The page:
Innovative primary care program coming to Hollings Cancer Center

August 12, 2019
Dr. S. Tucker Price with her family.
Dr. S. Tucker Price, who coaches her stepkids’ soccer team, knows the importance of teamwork, both at home and as lead of an innovative primary care program being embedded into clinical care at Hollings.

Cancer often steals the show from other medical conditions patients have, potentially setting patients up for poorer outcomes because their primary health needs get neglected.

No one knows that better than Sarah Tucker Price, M.D., Ph.D., who is part of an innovative new program rolling out this month from MUSC Health that provides in-house primary care services to patients at Hollings Cancer Center at the Medical University of South Carolina.

“Only a few cancer centers in the country offer similar programs,” she says. “I am excited to be a part of starting this clinic to expand the number of services available to our patients and to make Hollings Cancer Center more of a comprehensive medical home.”

The term "cancer exceptionalism" describes the tendency for a person with a cancer diagnosis to focus only on that. Price knows that this is a dangerous attitude and that many cancer patients enter treatment without having a primary care doctor. The idea of primary care being embedded into the cancer center allows easier access for patients to be able to schedule same-day appointments and use her as a resource for long-term care, short-term care or as needed.

Price, who says many cancer patients don’t have a primary care doctor, explains that this “one-stop shop” concept can help streamline their care and limit the number of visits they need to make. It also helps to catch those with chronic medical issues who may be falling through the cracks.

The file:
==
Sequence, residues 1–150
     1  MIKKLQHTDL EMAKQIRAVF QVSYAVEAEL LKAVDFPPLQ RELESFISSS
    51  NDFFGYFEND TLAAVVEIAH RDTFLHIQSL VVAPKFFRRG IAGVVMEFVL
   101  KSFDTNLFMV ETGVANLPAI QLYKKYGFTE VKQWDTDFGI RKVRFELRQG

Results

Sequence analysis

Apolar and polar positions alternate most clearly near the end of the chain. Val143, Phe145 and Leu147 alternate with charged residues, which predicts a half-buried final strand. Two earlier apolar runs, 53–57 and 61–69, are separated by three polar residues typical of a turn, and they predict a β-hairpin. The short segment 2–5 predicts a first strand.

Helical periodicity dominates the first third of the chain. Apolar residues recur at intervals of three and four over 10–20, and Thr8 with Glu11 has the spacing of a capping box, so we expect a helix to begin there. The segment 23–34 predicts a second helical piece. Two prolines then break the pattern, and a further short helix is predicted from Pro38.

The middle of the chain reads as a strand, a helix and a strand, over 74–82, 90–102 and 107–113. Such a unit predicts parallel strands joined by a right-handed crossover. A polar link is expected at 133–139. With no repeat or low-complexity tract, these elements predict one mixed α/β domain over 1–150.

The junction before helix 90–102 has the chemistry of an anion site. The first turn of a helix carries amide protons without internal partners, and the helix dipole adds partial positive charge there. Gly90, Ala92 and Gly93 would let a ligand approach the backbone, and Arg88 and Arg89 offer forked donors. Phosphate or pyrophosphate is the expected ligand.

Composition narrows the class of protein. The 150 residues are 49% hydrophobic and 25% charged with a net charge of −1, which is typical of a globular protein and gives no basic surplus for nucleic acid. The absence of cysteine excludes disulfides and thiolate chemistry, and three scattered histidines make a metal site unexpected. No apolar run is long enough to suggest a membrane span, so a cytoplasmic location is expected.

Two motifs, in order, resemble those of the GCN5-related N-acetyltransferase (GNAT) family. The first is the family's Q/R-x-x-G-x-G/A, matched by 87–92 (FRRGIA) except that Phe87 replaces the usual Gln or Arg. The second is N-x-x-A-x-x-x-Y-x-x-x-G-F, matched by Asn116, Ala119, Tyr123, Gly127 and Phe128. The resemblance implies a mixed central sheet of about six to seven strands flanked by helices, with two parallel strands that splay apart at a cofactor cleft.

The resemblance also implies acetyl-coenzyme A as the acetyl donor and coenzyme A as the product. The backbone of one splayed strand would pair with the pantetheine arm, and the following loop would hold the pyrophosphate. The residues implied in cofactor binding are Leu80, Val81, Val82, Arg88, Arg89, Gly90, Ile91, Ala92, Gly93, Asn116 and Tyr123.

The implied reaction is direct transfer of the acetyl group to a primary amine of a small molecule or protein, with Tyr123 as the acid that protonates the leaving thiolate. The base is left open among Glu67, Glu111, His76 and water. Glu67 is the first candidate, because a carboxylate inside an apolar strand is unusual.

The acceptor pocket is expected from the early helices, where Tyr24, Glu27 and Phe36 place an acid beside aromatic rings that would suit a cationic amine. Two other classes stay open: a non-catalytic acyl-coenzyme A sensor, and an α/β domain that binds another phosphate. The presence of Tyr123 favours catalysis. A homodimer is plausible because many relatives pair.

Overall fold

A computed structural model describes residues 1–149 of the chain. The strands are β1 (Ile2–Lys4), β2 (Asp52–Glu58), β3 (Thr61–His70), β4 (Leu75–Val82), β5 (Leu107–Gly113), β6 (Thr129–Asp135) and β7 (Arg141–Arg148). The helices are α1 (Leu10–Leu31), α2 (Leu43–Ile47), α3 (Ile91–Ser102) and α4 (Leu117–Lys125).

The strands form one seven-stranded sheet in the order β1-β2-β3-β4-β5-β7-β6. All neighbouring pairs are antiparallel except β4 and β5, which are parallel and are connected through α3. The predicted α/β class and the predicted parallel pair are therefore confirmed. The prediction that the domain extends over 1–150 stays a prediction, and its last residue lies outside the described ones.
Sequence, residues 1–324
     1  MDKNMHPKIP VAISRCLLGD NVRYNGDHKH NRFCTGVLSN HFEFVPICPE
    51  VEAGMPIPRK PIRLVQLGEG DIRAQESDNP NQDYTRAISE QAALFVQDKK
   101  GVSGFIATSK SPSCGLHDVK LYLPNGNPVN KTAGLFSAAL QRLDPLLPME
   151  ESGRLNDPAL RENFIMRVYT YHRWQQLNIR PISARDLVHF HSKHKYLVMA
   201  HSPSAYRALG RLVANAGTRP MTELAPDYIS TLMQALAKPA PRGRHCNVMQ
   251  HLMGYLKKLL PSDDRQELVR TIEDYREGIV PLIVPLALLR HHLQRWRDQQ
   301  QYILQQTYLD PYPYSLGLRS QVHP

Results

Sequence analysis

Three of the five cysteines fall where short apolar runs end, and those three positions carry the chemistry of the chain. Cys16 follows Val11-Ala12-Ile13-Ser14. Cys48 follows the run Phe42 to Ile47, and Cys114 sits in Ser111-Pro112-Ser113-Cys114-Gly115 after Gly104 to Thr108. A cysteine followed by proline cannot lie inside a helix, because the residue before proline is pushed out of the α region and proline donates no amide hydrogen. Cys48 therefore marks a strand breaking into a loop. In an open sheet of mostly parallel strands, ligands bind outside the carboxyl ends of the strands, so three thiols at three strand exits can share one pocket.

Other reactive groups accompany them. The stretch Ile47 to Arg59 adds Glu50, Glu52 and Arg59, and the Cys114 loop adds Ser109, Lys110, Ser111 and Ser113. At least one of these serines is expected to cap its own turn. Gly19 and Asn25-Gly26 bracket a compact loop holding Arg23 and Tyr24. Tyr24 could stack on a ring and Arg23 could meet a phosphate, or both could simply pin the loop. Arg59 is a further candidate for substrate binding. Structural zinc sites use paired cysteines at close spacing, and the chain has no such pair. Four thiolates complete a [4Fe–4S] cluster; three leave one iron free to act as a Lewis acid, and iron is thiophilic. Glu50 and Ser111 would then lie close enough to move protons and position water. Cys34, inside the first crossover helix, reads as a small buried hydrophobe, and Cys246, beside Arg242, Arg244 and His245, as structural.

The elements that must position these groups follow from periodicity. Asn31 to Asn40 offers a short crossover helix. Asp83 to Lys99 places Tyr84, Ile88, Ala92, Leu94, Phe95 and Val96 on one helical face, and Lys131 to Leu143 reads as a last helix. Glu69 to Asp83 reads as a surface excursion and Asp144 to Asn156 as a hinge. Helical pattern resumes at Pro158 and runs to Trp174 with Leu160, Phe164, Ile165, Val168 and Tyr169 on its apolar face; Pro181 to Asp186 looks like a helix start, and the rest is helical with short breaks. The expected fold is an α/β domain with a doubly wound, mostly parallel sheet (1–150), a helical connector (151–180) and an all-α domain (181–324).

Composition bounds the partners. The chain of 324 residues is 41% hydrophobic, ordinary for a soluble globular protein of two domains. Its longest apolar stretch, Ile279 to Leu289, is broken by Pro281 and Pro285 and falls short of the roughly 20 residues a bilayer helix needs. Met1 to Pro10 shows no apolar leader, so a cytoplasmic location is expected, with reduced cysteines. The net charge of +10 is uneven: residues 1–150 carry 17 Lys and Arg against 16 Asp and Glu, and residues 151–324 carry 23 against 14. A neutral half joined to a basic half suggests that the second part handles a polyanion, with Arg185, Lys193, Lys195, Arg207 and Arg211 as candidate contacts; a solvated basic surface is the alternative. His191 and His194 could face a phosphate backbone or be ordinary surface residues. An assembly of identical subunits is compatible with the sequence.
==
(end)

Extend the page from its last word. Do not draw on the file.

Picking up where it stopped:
Dr. Tucker Price 
Dr. Sarah Tucker Price, a board-certified family medicine physician, is the new primary care physician at MUSC Hollings Cancer Center. Photo by Brennan Wesley

Cancer patients and survivors have specific care needs, Price says. “They often have nuanced care needs, depending on their diagnoses and treatments, which a cancer center has specialized resources to offer patients and for which primary care has an important role,” she says. “Certainly, it’s important to manage any medical issues that they have going into cancer diagnoses and treatments to give them their best opportunity to do well.”

For example, a patient with hypertension can be more at risk for cardiovascular complications from some chemotherapeutic agents. A patient with diabetes, especially when it’s uncontrolled, can find it negatively affects their cancer treatment.

“There are things that we can do to control blood pressure and control diabetes that can have a meaningful outcome, not just on decreasing the complications of the diabetes and hypertension but also having a positive effect in terms of their cancer outcomes as well.”

As a physician as well as a researcher with a background in oncology, Price has special insights into serving the needs of cancer patients. She knows that for them to be eligible to enroll in some clinical trials, they need to have their blood pressure controlled to receive certain therapies. “This goes beyond clinical trials as well. I’ve had patients referred to me by their oncologists who couldn’t continue chemotherapy until their blood pressure was lowered.”